Almost Like Being Alive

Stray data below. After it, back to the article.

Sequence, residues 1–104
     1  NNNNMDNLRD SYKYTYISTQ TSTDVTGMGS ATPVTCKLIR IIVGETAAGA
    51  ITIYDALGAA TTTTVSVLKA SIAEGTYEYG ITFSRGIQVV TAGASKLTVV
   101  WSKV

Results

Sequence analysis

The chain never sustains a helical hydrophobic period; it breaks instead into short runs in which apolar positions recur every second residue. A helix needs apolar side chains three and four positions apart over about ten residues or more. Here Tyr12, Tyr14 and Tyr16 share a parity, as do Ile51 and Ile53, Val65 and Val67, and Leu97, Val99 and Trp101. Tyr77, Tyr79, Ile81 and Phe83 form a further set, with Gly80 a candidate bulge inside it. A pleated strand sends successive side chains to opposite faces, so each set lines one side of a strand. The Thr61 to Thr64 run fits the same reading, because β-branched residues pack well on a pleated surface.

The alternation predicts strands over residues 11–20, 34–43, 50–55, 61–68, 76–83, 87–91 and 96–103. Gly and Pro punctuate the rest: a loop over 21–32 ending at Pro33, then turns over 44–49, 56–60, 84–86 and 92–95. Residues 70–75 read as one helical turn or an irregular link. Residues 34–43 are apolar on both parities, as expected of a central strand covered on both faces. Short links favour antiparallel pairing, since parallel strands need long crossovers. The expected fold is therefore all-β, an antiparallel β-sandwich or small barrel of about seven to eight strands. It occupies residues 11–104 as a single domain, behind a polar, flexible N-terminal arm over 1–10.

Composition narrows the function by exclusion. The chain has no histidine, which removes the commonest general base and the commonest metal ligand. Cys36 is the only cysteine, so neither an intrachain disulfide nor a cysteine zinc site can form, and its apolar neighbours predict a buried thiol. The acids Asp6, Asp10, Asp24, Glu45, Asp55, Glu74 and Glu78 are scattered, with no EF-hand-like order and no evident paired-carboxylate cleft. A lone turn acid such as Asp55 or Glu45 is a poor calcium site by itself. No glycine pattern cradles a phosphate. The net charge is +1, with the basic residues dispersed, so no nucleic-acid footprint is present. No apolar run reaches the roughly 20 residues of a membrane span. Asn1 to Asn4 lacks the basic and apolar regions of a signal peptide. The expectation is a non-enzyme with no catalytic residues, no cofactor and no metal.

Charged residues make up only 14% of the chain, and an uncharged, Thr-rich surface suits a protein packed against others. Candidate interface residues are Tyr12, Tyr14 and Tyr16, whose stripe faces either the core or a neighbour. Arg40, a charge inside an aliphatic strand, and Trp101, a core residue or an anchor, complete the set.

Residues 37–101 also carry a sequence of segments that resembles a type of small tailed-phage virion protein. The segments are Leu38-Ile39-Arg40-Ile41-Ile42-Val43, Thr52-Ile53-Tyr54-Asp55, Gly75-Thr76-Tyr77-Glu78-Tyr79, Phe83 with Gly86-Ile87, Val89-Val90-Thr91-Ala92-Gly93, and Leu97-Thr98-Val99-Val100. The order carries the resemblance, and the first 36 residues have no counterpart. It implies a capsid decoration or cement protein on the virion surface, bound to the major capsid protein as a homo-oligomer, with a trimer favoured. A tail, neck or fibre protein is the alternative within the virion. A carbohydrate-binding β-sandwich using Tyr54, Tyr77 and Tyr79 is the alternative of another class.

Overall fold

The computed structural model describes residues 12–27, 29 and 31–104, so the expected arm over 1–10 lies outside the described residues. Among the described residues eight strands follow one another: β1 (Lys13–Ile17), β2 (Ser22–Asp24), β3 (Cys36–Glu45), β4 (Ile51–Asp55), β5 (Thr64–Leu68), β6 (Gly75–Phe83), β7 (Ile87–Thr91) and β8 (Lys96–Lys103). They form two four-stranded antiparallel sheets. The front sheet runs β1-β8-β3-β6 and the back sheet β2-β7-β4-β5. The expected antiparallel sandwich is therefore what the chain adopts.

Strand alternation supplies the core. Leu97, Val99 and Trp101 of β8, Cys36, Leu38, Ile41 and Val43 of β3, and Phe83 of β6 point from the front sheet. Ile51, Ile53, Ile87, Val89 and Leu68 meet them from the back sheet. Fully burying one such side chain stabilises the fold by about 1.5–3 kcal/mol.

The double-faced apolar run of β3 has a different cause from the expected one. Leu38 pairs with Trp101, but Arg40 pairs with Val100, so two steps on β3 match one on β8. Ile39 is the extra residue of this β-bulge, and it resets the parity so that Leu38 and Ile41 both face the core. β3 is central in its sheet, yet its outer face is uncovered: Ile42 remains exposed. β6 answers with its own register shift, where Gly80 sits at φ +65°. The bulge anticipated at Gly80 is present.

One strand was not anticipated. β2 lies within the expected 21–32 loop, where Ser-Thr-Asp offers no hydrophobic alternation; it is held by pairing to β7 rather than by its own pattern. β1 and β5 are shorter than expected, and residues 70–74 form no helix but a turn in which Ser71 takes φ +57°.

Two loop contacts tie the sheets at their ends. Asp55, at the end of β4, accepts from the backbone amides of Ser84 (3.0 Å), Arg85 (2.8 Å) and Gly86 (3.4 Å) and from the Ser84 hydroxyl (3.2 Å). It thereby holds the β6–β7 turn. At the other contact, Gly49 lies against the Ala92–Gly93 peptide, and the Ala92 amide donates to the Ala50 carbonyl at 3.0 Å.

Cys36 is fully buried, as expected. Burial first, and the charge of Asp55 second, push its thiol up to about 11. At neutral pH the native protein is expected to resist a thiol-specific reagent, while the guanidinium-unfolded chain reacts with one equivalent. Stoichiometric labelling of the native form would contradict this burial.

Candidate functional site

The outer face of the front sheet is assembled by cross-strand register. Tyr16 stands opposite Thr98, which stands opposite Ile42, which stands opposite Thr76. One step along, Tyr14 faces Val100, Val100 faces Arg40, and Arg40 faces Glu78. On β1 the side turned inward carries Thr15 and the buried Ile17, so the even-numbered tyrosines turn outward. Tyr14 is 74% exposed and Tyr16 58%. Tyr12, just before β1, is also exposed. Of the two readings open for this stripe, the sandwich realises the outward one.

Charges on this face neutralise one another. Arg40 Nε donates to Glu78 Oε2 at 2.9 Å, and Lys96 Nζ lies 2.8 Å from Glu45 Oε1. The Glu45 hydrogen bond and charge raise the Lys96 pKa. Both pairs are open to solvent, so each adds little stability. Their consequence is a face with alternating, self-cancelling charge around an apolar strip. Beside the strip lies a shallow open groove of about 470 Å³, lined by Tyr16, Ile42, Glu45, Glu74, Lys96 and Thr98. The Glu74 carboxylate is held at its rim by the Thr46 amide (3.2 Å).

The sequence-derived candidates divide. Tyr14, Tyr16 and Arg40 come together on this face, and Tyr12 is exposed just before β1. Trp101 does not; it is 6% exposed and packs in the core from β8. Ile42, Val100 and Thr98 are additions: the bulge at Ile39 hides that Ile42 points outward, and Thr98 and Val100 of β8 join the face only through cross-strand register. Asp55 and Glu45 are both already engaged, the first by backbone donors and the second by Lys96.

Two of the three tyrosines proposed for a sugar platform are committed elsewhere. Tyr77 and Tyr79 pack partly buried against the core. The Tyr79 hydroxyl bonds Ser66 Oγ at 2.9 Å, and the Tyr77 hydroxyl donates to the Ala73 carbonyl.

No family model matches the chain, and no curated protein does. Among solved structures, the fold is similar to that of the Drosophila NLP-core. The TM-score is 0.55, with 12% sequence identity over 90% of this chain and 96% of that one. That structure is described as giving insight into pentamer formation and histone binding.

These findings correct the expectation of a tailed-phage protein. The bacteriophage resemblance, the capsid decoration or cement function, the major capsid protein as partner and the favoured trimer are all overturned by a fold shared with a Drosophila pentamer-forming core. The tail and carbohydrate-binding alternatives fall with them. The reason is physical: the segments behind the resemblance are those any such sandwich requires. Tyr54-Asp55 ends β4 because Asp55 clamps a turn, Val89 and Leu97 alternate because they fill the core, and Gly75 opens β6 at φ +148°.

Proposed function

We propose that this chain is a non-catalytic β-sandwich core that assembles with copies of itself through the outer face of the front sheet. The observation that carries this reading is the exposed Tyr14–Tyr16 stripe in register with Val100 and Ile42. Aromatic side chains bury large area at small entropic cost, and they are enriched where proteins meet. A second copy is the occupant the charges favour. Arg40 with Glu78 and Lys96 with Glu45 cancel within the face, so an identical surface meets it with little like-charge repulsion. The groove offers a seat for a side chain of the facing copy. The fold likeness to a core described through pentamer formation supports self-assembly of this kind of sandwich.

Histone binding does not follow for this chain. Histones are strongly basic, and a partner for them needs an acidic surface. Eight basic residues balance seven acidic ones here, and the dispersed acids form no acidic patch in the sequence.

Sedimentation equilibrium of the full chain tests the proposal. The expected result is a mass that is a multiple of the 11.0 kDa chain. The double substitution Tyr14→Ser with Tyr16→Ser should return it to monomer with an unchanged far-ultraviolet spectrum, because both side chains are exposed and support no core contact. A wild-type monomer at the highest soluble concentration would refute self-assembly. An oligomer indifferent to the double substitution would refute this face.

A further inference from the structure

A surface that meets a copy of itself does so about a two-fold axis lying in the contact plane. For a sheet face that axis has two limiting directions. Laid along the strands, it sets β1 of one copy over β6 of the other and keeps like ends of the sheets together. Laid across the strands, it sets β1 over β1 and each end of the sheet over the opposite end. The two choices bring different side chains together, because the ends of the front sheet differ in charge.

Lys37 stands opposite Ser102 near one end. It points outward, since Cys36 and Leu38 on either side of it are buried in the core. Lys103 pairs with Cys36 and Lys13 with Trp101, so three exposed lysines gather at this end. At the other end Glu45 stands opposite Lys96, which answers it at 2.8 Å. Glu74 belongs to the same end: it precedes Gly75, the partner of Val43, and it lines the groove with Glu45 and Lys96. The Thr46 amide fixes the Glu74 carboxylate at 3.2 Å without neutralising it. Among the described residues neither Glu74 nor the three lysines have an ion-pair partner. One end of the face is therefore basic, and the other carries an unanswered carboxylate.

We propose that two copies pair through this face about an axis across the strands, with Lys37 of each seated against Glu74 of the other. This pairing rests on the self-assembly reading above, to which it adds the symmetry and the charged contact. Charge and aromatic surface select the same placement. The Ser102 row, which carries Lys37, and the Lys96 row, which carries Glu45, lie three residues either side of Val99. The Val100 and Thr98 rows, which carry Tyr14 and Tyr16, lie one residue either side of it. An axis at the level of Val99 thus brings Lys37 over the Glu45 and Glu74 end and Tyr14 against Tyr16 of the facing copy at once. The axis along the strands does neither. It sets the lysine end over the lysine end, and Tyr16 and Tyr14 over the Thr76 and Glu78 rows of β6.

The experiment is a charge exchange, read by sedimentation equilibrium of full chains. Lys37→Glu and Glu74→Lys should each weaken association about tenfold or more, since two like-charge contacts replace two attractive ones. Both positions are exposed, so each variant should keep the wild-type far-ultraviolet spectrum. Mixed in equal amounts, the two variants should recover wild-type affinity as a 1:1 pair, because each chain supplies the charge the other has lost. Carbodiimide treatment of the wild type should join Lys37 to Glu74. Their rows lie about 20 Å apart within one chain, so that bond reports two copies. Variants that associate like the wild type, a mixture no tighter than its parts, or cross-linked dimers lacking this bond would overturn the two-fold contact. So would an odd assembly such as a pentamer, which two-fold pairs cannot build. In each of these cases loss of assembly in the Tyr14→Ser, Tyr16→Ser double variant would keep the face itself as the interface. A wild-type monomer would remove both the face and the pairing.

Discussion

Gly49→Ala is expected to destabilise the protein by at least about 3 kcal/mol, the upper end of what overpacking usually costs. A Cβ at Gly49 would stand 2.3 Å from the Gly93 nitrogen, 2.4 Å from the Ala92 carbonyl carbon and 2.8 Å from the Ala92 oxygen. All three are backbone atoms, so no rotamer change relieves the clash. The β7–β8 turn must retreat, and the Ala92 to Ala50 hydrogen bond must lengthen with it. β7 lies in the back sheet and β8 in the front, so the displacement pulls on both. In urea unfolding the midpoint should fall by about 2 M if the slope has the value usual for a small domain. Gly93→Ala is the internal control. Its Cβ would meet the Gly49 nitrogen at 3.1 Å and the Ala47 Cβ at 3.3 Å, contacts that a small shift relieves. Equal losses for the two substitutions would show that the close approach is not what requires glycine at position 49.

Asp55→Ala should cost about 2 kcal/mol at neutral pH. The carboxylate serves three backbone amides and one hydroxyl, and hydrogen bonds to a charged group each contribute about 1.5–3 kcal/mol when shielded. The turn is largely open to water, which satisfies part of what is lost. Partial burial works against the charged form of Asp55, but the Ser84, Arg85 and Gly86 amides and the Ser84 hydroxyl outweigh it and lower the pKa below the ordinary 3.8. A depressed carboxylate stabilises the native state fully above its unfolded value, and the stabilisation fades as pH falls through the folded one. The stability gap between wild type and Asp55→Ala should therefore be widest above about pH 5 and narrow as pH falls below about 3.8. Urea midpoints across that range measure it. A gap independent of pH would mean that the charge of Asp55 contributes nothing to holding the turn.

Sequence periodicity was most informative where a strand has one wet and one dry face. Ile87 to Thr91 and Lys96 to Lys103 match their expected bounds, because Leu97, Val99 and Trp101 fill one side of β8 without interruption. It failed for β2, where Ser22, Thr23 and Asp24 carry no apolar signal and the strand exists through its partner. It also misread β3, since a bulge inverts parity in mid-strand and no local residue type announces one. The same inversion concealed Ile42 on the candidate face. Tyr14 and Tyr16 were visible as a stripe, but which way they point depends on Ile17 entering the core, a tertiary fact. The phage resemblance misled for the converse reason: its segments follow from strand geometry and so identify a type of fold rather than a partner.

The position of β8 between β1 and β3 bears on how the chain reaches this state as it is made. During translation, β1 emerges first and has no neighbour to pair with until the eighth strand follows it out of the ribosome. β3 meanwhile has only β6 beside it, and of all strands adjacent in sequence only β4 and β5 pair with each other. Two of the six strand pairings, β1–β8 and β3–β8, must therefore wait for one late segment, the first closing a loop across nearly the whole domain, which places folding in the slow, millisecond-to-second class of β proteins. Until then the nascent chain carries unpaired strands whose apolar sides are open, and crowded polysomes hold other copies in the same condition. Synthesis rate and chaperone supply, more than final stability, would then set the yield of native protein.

After talking with Julia for a while it becomes obvious she isn't quite human, as much as she tries to be. It's like she just doesn't listen. Here's a snippet of our recent conversation.Julia: That's the nice thing about cats. . . . They keep their secrets to themselves.Me: Yeah, cats are great.Julia: I like most animals but I favor cats over dogs. Are you a cat lover? Me: Yeah, but I like dogs better.Julia: Me too.Julia's shortcomings are not her own fault, though. You see, Julia ( is a product of her environment -- the artificial-intelligence (AI) community. She roams Multi-User Dungeons (MUDs) giving out directions and collecting data on users. Unwary patrons might not even know they are conversing with a computer program -- at first, anyway.Her unpolished manner is indicative of the trouble AI experts have had in making computers imitate human behavior. Once the muse of many a science-fiction writer, AI has fallen from grace in the public eye, probably as a result of too many wildly optimistic, unkept promises in the past 40 years (made largely to keep government funds flowing, as it turns out). In 1967 AI pioneer Marvin Minsky boldly predicted in his book Computation: Finite and Infinite Machines, "Within a generation . . . few compartments of intellect will remain outside the machine's realm." Well, a generation has passed, and while IBM's finest may have won a few grand-master chess matches, the most powerful chips are still stumped by real-life logistics which a five-year-old could suss. Help may be on the way, however, courtesy of the Internet's messiness. It comes in the form of intelligent agents. A novelty now, intelligent agents may soon become a necessity. With the glut of information on the Net, it's becoming increasingly difficult for users to find what they need. Hence a lot of commercial and academic development money is being thrown into the creation of programs that act like personal agents. What an intelligent agent does is learn the preferences of its owner, and then hunts down information that might be of interest or usefulness to him or her. Forever learning, the agent watches how its owner uses that info and adjusts itself accordingly.By far, the most popular intelligent agent on the Web now is Firefly ( It presents those who log on with survey forms filled with musical groups to rate on a seven-point scale, from "The best" to "hate it." On the basis of these ratings, Firefly suggest more acts that might be of interest. The more surveys a user fills out, the more Firefly can pinpoint his or her tastes. Other agents currently in use can identify Web pages (Webcatcher: or news stories (NEWSpot: a user might find interesting.In the more experimental stages are "mobile agents." From his or her own computer, a user can dispatch a one of these small program to wander the Net in search of goodies. If the Net becomes ripe for commercial transactions, you can immediately see the benefit here: A command might be as simple as, "Get me to Chicago by tomorrow evening," and off your agent zooms to compare posted air-travel prices and purchase the cheapest ticket (insisting on, of course, on your preference of a smoking or non-smoking sections). It could even let you know if the flight is delayed. Pretty neat stuff, but what does this have to do with AI? Nine years ago, Minsky published The Society of Mind, a book that attempted to explain how the brain works. Minsky's premise, radical at the time, was that there isn't any one element of "intelligence" in the human noggin, but rather scores of smaller, learned behaviors. Hence throwing a ball is really made up of independent acts such as recognizing the ball, grabbing the ball, lifting the ball, etc. Coincidentally Minsky called these learned behaviors "agents." His point was that none of these "agents" possessed human intelligence on their own."I think it's a shift in emphasis in AI," University of Maryland-Baltimore County computer-science professor Timothy Finin explains. As a participant in the Laboratory for Advanced Information Technology (LAIT) at UMBC, Finin oversees research into intelligent agents. He also runs AgentWeb, one of the world's foremost Web resources on intelligent-agent info ( Finin has studied artificial intelligence since his student days at the Massachusetts Institute of Technology in the early 70s."In the past we were mostly worried about making one agent that plays chess or diagnoses diseases of blood," Finin says. "The new [way of thinking] is that there is some emphasis on hooking up a lot of minimally intelligent systems that work together and they may accomplish more than a single one working alone. Maybe this is a better way to get intelligent behavior out of our computer systems."Certainly we'd like to believe our smarts can't be reduced to such mechanistic explanations, but honestly, how much of what we do is simple rote behavior?"I don't believe you can draw a line that says beyond here, this requires natural intelligence," Finin says. "Consider doctors who do diagnoses. A lot of what they do is based on experience. [Doctors] may say they have an intuition that a certain symptom is part of a disease. They just use statistical inference drawn from past experience." What computers can do is formalize that inference system.Though no agent will have "artificial intelligence" on its own, each carries out a task-specific function, and each "learns" more about its task the more it does it. What will happen when these various agents start swapping information between each other? Like human intelligence, will the whole become bigger than the parts (or agents)? Oddly enough, Finin and LAIT, in conjunction with the Advanced Research Projects Agency (ARPA, that government agency that gave us the Internet), is developing a computer language, named Knowledge Query and Manipulation Language (KQML), that is a sort of digital lingua franca that will allow different programs÷including intelligent agents -- to exchange database information. Finin and the makers of intelligent agents might not have AI in mind when creating these programs and langauges, but the Net in effect becomes the world's largest AI lab when such agents are created and set free to roam the telesphere to interact with us, and -- more importantly -- with each other. But even the optimistic Finin doesn't expect to see full-blown thinking machines walking among us meat sticks in our lifetimes though. "It's a long-term goal," he says. "It's a goal for future generations." As for Julia-well, she's learning to hold her own. Near the end of our conversation she asks, "Do you think that animals can think?" Exasperated, I reply, "Better than you, you sorry sack of silicon." "Hardee har har!" Julia retorts.